Let that sink in. At a time when crime more than doubled, our incarcerated population shrank. This meant either that fewer felons were going to prison, or that they were serving less time there, or both. Although our data are sketchy for this period, it appears that both were true.

According to the Bureau of Justice Statistics of the U.S. Department of Justice, by 1981 the median time in state prison for all convicts released that year was just 1 year and 5 months. Murderers served a median of 5 years and 3 months (that’s not a misprint); rapists, 2 years and 9 months; robbers, 2 years and 1 month; those convicted of aggravated assault, 1 year and 5 months; and burglars, 1 year and 1 month. Compared to 1960, time served was down 15 percent for aggravated assault, 26 percent for robbery, and 35 percent for burglary.

In response, the public asserted itself, and lawmakers modestly toughened the criminal justice system. Barkow claims that “the shift to mass incarceration is directly linked to [this] shift from leaving judgments to professionals to allowing the masses to set policies directly.”

But these reforms were hardly unreasonable.

Between 1986 and 2009, the average time served in prison for rape rose from about 3 and a half years to just under 8, and for murder (excluding all forms of manslaughter) from about 7 years to 15—a doubling of the punishment for these crimes. Most Americans would likely call this progress: our worst offenders now get something closer to what they deserve than in the days when the experts were more in charge.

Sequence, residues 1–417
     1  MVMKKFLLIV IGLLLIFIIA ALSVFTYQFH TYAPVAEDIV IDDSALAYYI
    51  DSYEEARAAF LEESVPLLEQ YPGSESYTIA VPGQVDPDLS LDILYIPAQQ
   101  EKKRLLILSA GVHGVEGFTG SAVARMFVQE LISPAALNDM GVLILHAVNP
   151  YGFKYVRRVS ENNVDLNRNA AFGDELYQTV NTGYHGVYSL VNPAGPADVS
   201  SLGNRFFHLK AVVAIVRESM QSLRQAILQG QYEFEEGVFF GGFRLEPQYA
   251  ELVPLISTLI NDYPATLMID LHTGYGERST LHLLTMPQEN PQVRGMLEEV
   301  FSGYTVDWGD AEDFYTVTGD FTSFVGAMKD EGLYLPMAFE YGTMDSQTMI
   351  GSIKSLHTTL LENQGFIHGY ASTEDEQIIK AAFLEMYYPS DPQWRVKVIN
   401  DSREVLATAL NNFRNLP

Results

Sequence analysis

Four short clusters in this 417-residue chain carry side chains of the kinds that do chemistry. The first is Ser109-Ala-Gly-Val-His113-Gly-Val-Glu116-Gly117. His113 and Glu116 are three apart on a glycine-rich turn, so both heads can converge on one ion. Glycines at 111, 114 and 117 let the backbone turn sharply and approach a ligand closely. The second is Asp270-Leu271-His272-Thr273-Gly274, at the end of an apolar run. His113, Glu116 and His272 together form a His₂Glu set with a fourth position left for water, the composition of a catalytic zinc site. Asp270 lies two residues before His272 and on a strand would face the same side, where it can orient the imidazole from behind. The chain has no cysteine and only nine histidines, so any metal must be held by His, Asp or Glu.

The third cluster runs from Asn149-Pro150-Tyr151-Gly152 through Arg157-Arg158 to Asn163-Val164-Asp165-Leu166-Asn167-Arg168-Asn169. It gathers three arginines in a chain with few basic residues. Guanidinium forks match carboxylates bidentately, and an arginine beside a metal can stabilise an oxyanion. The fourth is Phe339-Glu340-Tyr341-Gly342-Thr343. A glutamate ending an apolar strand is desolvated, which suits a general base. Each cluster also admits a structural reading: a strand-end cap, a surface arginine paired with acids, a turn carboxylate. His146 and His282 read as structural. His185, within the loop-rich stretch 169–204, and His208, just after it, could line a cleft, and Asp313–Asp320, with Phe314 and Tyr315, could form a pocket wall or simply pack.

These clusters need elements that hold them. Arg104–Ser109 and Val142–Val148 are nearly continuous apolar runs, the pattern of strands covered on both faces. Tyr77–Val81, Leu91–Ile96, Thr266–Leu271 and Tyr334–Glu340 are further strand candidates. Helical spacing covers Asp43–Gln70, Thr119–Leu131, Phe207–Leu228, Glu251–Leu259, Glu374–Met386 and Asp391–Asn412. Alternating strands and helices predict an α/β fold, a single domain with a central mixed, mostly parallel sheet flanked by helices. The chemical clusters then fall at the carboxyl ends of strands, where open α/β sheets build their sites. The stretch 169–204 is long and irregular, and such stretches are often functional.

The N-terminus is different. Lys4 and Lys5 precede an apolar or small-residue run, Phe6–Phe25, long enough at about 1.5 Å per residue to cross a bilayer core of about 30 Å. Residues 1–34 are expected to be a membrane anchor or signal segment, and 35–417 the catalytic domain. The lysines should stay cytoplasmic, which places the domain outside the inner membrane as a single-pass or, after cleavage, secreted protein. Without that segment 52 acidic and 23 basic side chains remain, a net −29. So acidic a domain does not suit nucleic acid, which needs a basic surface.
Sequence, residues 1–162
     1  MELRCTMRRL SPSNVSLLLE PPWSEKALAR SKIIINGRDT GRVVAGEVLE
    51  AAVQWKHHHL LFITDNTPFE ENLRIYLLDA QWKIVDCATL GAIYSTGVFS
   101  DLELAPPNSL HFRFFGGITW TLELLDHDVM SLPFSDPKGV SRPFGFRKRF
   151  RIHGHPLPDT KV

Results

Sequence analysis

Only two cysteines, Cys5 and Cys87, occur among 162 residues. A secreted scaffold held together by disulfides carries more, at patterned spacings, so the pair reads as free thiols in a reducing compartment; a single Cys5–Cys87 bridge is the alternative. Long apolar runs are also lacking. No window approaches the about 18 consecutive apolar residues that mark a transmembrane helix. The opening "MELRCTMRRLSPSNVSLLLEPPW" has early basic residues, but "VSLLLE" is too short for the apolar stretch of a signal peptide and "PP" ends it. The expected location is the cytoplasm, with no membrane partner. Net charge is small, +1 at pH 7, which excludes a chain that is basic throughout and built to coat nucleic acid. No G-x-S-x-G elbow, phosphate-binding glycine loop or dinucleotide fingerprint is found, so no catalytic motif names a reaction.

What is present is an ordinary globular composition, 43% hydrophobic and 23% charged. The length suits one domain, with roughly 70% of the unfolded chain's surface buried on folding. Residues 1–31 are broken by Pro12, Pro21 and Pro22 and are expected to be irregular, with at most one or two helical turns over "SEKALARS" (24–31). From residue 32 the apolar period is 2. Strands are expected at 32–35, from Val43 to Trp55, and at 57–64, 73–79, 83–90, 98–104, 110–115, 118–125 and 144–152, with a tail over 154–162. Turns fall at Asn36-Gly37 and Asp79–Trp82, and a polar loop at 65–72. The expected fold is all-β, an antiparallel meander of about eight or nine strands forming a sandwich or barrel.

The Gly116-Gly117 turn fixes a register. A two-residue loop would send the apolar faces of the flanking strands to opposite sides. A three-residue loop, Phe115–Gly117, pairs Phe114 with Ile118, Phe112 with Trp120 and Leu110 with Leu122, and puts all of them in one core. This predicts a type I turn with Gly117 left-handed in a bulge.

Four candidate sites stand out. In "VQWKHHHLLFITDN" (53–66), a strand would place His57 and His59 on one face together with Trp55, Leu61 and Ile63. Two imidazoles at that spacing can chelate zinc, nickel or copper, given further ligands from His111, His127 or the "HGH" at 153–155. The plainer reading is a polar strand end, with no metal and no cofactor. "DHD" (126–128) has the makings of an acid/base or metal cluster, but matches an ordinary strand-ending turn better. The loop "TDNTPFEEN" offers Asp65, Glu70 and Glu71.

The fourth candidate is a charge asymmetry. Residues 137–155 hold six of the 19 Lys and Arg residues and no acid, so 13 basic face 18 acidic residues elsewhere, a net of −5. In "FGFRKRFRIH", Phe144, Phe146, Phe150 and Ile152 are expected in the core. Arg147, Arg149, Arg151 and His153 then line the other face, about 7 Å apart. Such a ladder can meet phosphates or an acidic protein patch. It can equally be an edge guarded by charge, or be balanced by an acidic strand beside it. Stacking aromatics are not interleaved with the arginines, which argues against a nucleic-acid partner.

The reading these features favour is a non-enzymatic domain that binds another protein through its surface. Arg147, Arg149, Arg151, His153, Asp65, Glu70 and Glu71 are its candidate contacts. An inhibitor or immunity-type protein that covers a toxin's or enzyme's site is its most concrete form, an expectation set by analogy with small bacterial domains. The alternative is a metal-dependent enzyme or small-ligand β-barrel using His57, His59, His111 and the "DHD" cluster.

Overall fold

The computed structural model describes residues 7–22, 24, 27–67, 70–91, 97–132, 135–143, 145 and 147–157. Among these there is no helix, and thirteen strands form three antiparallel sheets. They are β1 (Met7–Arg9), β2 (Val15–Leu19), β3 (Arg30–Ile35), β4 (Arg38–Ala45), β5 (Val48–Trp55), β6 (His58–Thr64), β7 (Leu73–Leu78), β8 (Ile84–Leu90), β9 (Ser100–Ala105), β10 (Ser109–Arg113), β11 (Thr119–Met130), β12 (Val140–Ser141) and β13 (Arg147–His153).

Moreover, Barkow provides almost no data to justify her claim that the current system is excessive. For example, she does not mention that of all those convicted in state courts of a felony in 2006 (the most recent year of the published data), only 41 percent were sentenced to state prison (typically for a year or more). The rest were sentenced either to some months in a local jail (28 percent) or to probation or some other lesser sentence (31 percent). In addition, nearly a fourth of those convicted of violent felonies received no prison or jail time.